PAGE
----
My Favorite TV Show - Ed Schrader of Ed Schrader’s Music Beat on “Frasier”

"Like anything I fixate on, after a while, it begins to concern my friends."

Jul 06, 2018 By Ed Schrader Web Exclusive
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In this edition of My Favorite TV Show, Ed Schrader, one half of Ed Schrader's Music Beat, writes about one of the all time greatest sitcoms, Frasier. The show was a spinoff of 1980s sitcom classic Cheers, ran from 1993 to 2004, and won a then record 37 Emmy Awards, including the Emmy for Outstanding Comedy Series for five years in a row. It stared Kelsey Grammer as Frasier Crane, a radio psychiatrist who moves from Boston back to his hometown of Seattle, where his retired police officer father Martin Crane (John Mahoney) and his British physiotherapist Daphne Moon (Jane Leeves) move in with him. Frasier and his equally upper crust brother Niles Crane (David Hyde Pierce) often clash with their blue-collar father and Frasier's radio producer Roz Doyle (Peri Gilpin). Hilarity more often than not ensued.

The Baltimore based Ed Schrader's Music Beat released their third album, Riddles, back in March via Carpark. Fellow Baltimore resident Dan Deacon produced the album. Previously the album's title track, "Riddles," was one of our Songs of the Week, and then "Seagull" was also one of our Songs of the Week. Read on as Schrader discusses his favorite TV show.


Without a second thought I can tell you that my favorite show is Frasier! I have seen each episode at least twice over the past decade or so since my somewhat minor obsession began. Like anything I fixate on, after a while, it begins to concern my friends.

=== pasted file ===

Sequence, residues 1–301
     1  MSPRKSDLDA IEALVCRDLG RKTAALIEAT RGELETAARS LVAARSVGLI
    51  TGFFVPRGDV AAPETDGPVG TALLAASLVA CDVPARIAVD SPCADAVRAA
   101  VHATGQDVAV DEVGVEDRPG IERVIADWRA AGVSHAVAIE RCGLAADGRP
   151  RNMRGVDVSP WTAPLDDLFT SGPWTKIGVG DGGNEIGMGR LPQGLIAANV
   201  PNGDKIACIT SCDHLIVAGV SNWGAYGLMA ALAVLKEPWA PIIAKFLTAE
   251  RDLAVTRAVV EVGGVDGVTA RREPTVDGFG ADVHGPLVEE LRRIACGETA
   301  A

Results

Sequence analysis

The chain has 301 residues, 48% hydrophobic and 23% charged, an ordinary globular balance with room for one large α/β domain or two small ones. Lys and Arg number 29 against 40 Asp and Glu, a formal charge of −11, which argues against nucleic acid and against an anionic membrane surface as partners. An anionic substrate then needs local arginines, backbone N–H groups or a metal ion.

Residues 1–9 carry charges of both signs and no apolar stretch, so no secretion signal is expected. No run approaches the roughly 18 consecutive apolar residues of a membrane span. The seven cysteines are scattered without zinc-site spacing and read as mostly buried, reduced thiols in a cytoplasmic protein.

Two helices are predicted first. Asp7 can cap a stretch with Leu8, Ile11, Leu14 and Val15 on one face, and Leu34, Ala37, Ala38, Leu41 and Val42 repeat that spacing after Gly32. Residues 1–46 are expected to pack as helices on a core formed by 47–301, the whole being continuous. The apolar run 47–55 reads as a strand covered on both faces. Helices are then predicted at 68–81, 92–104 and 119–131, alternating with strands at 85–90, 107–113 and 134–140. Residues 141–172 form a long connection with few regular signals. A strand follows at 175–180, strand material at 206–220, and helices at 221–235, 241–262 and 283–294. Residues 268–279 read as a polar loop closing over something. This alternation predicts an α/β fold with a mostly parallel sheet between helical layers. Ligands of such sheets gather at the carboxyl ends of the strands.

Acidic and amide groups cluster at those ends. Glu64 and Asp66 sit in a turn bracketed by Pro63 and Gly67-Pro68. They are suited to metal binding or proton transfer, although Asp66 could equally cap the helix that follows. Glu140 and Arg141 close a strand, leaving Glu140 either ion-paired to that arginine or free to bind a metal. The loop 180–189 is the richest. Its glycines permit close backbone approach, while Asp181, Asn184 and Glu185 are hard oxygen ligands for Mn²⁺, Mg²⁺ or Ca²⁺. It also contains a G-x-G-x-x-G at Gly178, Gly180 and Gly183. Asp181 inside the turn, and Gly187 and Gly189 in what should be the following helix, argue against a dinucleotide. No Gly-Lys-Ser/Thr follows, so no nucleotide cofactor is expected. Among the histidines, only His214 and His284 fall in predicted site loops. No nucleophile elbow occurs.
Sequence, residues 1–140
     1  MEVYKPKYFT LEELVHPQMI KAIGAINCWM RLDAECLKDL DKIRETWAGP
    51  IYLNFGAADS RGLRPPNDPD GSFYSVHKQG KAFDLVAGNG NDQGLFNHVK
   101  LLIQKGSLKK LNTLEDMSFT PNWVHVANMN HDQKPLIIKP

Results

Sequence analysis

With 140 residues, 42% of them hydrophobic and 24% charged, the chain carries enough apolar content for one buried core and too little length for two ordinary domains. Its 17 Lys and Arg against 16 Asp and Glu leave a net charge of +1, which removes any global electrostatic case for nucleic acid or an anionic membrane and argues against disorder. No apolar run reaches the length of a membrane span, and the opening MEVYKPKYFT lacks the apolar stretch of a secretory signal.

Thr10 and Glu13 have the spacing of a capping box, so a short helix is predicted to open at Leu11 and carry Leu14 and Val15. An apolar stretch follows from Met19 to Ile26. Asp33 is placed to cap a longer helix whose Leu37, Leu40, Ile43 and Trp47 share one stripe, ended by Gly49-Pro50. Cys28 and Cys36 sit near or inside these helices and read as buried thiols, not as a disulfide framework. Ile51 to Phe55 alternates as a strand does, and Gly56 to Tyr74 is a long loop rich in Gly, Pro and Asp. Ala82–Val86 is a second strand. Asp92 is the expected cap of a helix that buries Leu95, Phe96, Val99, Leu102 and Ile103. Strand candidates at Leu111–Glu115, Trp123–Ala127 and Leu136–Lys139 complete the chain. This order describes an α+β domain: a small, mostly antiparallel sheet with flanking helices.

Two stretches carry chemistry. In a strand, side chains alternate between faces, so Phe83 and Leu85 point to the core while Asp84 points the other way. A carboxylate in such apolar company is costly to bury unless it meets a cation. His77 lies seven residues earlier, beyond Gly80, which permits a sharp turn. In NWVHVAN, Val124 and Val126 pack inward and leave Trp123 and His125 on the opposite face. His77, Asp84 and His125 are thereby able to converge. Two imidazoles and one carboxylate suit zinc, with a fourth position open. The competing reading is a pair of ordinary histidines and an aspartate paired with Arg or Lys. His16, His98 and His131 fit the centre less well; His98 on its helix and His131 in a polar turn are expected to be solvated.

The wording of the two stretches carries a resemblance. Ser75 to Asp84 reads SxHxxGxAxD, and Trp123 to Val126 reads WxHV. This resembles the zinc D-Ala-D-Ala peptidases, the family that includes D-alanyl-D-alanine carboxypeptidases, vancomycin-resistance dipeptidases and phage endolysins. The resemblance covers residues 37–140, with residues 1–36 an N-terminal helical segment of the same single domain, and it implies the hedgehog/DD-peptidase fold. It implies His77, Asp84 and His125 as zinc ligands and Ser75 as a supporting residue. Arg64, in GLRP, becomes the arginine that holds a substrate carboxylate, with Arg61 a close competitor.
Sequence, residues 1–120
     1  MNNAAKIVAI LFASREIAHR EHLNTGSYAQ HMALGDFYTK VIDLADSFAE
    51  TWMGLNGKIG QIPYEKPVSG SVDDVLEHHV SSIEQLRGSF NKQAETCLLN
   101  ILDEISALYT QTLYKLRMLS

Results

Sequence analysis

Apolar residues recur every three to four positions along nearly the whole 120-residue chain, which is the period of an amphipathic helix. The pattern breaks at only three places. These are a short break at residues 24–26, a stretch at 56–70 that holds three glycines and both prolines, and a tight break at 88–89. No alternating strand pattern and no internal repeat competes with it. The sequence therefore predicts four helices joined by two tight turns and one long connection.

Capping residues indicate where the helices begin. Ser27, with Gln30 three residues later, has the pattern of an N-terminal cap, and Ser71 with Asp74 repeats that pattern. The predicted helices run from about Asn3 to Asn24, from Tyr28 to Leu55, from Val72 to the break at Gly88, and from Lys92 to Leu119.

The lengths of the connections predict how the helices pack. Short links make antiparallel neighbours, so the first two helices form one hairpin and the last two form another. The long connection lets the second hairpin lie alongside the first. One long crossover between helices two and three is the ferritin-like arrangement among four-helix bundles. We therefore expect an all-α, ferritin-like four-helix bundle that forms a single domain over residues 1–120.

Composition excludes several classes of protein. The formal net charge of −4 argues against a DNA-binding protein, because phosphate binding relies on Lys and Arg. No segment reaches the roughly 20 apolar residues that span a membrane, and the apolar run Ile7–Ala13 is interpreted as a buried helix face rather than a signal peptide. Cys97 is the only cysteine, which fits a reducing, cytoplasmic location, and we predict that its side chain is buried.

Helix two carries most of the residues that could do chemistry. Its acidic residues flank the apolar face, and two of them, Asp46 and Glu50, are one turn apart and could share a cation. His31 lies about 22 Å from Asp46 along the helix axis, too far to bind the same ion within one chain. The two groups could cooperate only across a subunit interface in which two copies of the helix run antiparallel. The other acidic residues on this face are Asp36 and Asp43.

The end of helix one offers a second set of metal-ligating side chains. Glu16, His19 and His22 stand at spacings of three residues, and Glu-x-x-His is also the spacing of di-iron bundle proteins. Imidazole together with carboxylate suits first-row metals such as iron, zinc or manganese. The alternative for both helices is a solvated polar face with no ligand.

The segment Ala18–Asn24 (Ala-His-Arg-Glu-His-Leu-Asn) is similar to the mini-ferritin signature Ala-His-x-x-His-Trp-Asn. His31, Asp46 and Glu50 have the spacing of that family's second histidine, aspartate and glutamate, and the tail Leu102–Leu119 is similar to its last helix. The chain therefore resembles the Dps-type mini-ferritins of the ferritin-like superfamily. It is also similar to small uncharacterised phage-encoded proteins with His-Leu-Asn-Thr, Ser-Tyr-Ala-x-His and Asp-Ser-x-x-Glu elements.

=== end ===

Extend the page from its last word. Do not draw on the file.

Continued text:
I like to dive in head first to these things, ha ha. Ken Griffey Jr. Presents Major League Baseball for SNES and Bowie are in that same wheelhouse for me. 

I like the idea of getting lost in something and Frasier has many cozy mahogany corners lined with the hunter green of the aptly named Cafe Nervosa or the old faithful ruggedness of dad's battered pea green '60s-kitch national treasure of a chair or the muted tans and faux marble of the spare bathroom, where for some strange reason many scenes take place! Because of the groundbreaking sophistication of the camera grid they were really able to capture a certain type of intimacy only rivaled by George and Jerry's diner booth in Seinfeld. It really draws you into another place, and that place is quintessentially '90s for better (Niles on a Segway) or worst (Bull Dog and other male characters acting like sexist tools in a way that is implied to be "hyperbolic" but as you know from watching most prime time '90s hit sitcoms feels anything but, especially through a contemporary lens. What is ironic about all of this is that Frasier and Niles are, at least to themselves, "P.C" by some antiquated Sam Malone metric. What is actually funny about this show is watching Frasier draped in that same irony, attempting to etch himself as the Anne Landers of pop radio psychology while being simultaneously more inept at dating than an 18-year-old noise-kid! His antics are hilariously exalted by the slapstick gymnastics and witty repartee of David Hyde Pierce that would make Oscar Wilde blush! 

Though as good as the Crane brothers are they are carried to even further comedic heights with the awesomeness that are their father Martin, her live in physical therapist Daphne, and Roz Doyle (Frasier's producer). Even a lesser-seen character like Gil Chesterton, the on air food critic and host of Restaurant Beat, steals the show in most scenes he's in with just the right zinger. Daphne and Nile's taboo relationship is the initial anchor that lures you in, as it was for most viewers in the '90s, but to me the cabin episodes are king. Stick four people in a cabin with a touch of miscommunication, a dash of romance, and some tragically out of wack expectations and you got magic every time!

Also read our The End interview with Devlin Rice of Ed Schrader's Music Beat.

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